Data on Tuition Discounting

  • Most institutions do not publish their tuition discount rate, but more than half of all undergraduate students, including over two-thirds of those who are enrolled full-time, receive grant aid.
  • According to the 2011 Almanac of Higher Education, private colleges and universities discounted tuition for all undergraduates by an average or 33.6 percent in 2000 and a rate of 37.1 percent in 2010.
  • According to a report in the Chronicle of Higher Education, public institutions discounted tuition at an average rate of 12.3 percent in 2008. Between 2002 and 2008, those institutions increased the amount of money spent on financial aid from their operating budgets by 47 percent while endowment spending on scholarships stayed flat. 
  • Colleges and universities awarded about $33 billion in grant aid to postsecondary students in 2009-10, an increase of about 70 percent in inflation-adjusted dollars over a decade. 
  • The average published tuition and fees for a four-year independent college in 2010-11 were $27,290, and the average net price paid was $11,320. At public four-year colleges and universities, average published in-state tuition was $7,610, and the average net price paid was $1,540. (Room and board were an additional $9,700 at independent colleges and an additional $8,540 at public institutions). 
  • About two-thirds of bachelor’s degree recipients borrow, and the typical borrower graduates with $20,000 to $25,000 in debt, depending on a combination of circumstances, including family income and the type of institution attended.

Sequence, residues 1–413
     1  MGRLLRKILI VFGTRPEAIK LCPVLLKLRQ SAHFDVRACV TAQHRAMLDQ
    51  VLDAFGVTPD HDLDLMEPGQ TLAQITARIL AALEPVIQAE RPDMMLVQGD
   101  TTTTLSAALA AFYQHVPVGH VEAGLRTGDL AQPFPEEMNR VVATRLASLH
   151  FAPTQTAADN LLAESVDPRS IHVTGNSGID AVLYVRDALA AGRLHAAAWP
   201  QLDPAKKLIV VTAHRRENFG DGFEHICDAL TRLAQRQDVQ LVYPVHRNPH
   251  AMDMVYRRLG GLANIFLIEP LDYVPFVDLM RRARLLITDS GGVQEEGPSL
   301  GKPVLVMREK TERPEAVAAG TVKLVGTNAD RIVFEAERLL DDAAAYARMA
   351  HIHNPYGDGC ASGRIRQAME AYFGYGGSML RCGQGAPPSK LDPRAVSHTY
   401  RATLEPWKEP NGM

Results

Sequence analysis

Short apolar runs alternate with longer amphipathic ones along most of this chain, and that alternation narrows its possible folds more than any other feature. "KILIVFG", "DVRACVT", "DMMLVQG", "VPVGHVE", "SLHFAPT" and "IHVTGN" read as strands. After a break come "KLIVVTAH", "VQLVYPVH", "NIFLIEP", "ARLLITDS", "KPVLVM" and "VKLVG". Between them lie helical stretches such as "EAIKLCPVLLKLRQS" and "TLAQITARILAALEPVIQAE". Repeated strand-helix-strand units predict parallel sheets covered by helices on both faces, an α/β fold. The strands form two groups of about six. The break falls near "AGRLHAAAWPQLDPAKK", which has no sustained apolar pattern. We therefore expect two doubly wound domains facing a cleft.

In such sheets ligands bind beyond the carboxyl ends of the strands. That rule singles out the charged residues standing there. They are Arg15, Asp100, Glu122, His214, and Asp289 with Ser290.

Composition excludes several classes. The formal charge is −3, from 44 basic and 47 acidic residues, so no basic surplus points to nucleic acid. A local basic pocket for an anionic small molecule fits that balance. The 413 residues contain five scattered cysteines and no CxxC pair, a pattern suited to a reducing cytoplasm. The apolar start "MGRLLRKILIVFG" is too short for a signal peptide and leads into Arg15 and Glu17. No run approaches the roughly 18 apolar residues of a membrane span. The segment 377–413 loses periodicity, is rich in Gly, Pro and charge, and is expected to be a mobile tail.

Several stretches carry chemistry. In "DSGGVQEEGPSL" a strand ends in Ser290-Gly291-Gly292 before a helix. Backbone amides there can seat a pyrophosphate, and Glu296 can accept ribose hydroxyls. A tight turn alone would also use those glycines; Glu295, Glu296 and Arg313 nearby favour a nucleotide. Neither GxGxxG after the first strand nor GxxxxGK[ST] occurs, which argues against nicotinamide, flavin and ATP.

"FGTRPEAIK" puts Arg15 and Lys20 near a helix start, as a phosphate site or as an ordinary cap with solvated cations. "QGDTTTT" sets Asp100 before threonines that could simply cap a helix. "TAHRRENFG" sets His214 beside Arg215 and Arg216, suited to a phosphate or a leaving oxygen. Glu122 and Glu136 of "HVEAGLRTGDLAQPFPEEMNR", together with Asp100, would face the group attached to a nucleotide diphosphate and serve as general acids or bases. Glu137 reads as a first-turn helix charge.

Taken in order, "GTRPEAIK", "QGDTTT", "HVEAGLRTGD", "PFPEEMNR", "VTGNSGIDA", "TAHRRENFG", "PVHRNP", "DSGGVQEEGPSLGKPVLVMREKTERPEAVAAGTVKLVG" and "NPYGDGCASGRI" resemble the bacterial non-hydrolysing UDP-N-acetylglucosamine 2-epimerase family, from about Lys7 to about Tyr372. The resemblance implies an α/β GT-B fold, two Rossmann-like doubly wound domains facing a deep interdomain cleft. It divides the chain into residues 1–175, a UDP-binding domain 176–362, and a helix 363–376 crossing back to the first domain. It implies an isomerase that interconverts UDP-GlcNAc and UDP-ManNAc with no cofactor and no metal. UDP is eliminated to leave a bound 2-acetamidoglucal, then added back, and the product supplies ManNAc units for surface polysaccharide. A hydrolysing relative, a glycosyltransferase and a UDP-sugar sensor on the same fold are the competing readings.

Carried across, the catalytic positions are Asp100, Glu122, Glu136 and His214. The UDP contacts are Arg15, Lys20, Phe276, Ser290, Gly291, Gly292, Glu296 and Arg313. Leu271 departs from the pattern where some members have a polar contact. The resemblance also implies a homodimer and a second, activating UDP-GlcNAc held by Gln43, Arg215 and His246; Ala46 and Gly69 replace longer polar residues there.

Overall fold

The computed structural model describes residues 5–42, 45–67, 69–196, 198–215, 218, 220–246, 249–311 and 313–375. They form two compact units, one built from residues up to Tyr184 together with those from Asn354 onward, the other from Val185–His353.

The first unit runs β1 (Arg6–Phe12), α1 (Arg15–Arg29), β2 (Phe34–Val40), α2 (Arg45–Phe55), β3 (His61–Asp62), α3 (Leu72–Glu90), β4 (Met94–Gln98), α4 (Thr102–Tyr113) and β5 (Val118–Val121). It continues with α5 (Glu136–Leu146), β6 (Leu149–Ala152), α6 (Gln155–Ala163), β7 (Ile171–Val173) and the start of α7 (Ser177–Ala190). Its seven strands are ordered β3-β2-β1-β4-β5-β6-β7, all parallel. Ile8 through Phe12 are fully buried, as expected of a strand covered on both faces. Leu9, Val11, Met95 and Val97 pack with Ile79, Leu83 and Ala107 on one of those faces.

How does your institution’s tuition compare to the tuition of institutions with which you compete for students? When you raise your tuition, how much new net revenue is generated?

What percentage of your students receives institutional grants? What is the average grant received by students on financial aid at your institution? How fast have the numbers been increasing in recent years?

Are institutional-aid policies making it more possible for students to enroll and succeed? Or are they burdening students with levels of debt that will make it difficult for them to move forward with their lives? Are those policies strengthening the financial and academic profiles of the institution? Or are they pushing it closer to the brink of financial crisis?